Dr. Denise Martz focuses her research on women’s health, particularly eating disorders, obesity, fat talk, body image and teen intimate partner violence. She has also taught honors and selected-topics classes addressing these interests.
Martz’s research lab often consists of one or two graduate students, an honors student, and five to 10 undergraduate research assistants.
“One of the cool things about the women’s health research that I do is that it attracts a lot of students,” Martz said. “I try to show them all aspects of research but I want to help them realize that research can be creative and fun.”
One of her most recent research projects was inspired by a stand-up comedian who joked about the cliché story of a woman asking her significant other “Does this make me look fat?”
“I took that stand-up and said the problem is not the response, the problem is that she asked the question,” Martz said.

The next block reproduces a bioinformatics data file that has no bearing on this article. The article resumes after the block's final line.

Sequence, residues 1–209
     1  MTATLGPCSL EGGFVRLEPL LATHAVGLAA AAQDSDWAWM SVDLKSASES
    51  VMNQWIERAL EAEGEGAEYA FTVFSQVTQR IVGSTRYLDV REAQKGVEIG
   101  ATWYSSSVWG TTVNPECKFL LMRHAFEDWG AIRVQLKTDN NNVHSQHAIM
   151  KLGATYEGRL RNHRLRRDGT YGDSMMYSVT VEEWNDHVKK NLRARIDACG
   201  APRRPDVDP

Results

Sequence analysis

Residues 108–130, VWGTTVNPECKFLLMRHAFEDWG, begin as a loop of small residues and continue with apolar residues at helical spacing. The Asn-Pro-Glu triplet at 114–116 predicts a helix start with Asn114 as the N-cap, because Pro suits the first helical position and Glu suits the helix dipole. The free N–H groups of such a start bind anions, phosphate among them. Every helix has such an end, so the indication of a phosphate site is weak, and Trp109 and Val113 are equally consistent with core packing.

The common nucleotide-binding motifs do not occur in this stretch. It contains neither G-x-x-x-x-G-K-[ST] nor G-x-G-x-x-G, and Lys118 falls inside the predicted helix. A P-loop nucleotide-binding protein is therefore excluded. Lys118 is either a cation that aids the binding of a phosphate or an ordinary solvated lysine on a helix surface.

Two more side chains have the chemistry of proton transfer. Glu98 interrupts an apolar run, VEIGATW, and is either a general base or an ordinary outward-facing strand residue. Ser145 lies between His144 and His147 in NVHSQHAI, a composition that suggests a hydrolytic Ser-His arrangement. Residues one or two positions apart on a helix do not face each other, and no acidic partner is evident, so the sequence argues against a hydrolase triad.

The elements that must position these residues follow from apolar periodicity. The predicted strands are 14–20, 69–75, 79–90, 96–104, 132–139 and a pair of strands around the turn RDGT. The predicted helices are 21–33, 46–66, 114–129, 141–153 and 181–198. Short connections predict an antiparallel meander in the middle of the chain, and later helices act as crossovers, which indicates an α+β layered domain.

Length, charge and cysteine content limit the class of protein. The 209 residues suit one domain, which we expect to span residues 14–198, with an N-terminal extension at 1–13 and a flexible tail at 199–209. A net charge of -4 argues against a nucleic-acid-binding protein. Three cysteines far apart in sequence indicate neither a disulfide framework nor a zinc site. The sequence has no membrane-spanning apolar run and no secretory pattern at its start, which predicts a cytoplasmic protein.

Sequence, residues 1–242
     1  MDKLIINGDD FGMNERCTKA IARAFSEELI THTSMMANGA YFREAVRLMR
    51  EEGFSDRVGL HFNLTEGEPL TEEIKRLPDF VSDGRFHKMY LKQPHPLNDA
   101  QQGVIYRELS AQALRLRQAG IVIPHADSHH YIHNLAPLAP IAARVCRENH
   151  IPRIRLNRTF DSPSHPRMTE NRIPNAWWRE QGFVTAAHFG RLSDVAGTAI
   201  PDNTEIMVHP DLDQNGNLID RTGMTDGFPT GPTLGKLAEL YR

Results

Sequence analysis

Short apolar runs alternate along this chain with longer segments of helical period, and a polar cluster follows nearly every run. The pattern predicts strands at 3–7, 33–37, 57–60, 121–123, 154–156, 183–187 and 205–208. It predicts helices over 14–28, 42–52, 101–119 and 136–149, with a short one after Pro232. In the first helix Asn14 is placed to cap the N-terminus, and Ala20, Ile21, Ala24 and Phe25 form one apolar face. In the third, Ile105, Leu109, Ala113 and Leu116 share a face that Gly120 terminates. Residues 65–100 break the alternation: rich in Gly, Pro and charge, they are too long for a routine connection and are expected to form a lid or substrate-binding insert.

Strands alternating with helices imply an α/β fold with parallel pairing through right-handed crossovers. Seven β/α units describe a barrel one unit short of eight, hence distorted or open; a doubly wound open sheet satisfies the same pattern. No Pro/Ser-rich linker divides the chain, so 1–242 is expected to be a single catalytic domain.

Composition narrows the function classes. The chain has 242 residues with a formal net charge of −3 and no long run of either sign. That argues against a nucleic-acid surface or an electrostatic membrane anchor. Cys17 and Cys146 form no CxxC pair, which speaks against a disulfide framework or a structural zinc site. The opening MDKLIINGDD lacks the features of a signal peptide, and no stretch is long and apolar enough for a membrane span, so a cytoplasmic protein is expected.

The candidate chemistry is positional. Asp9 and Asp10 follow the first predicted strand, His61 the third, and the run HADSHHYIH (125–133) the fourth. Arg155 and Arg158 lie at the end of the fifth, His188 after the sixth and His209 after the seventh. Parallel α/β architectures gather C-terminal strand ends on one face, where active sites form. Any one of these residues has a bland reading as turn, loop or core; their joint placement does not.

This led to a pilot study with a student that looked at men’s responses to women who fat talk – that is, talking down about their bodies.
The study found that when college men overheard a woman fat talking with her friends they thought she had poor mental and physical health.
Martz, along with a group of students, also conducted research on the outcomes of teen intimate partner violence in rural areas.
It is important, Martz said, to study the affects of teen intimate partner violence because surviving violence as a teen negatively affects a woman’s life trajectory.
She has also devoted research to the study of anorexia nervosa, the deadliest psychological disorder, in order to contribute to the resources available to help treat it.
Martz said her motivation to conduct research on topics of women’s health comes from many factors, including an increase of women working in clinical psychology and the medical profession.